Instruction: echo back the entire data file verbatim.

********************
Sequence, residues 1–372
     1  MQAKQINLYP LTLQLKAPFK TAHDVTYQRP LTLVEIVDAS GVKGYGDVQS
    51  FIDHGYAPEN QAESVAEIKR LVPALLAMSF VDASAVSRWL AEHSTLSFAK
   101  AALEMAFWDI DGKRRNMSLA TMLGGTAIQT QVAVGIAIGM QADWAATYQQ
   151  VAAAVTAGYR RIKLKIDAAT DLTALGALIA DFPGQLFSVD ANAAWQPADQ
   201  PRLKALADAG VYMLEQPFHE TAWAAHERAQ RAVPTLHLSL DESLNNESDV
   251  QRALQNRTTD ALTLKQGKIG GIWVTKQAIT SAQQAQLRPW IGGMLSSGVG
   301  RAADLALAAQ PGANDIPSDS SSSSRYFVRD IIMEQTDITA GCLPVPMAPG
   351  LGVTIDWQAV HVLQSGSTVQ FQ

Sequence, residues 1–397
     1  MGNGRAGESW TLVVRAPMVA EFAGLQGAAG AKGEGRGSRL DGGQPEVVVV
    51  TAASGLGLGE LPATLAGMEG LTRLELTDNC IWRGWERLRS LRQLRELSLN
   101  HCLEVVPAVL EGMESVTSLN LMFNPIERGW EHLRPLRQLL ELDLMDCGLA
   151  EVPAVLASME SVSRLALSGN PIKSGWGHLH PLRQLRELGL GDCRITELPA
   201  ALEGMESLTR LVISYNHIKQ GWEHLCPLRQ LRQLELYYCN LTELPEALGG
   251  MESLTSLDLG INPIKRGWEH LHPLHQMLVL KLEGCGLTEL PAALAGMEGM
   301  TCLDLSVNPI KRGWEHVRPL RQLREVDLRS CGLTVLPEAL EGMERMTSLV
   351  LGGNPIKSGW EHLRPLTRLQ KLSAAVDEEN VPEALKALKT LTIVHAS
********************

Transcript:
Sequence, residues 1–372
     1  MQAKQINLYP LTLQLKAPFK TAHDVTYQRP LTLVEIVDAS GVKGYGDVQS
    51  FIDHGYAPEN QAESVAEIKR LVPALLAMSF VDASAVSRWL AEHSTLSFAK
   101  AALEMAFWDI DGKRRNMSLA TMLGGTAIQT QVAVGIAIGM QADWAATYQQ
   151  VAAAVTAGYR RIKLKIDAAT DLTALGALIA DFPGQLFSVD ANAAWQPADQ
   201  PRLKALADAG VYMLEQPFHE TAWAAHERAQ RAVPTLHLSL DESLNNESDV
   251  QRALQNRTTD ALTLKQGKIG GIWVTKQAIT SAQQAQLRPW IGGMLSSGVG
   301  RAADLALAAQ PGANDIPSDS SSSSRYFVRD IIMEQTDITA GCLPVPMAPG
   351  LGVTIDWQAV HVLQSGSTVQ FQ

Sequence, residues 1–397
     1  MGNGRAGESW TLVVRAPMVA EFAGLQGAAG AKGEGRGSRL DGGQPEVVVV
    51  TAASGLGLGE LPATLAGMEG LTRLELTDNC IWRGWERLRS LRQLRELSLN
   101  HCLEVVPAVL EGMESVTSLN LMFNPIERGW EHLRPLRQLL ELDLMDCGLA
   151  EVPAVLASME SVSRLALSGN PIKSGWGHLH PLRQLRELGL GDCRITELPA
   201  ALEGMESLTR LVISYNHIKQ GWEHLCPLRQ LRQLELYYCN LTELPEALGG
   251  MESLTSLDLG INPIKRGWEH LHPLHQMLVL KLEGCGLTEL PAALAGMEGM
   301  TCLDLSVNPI KRGWEHVRPL RQLREVDLRS CGLTVLPEAL EGMERMTSLV
   351  LGGNPIKSGW EHLRPLTRLQ KLSAAVDEEN VPEALKALKT LTIVHAS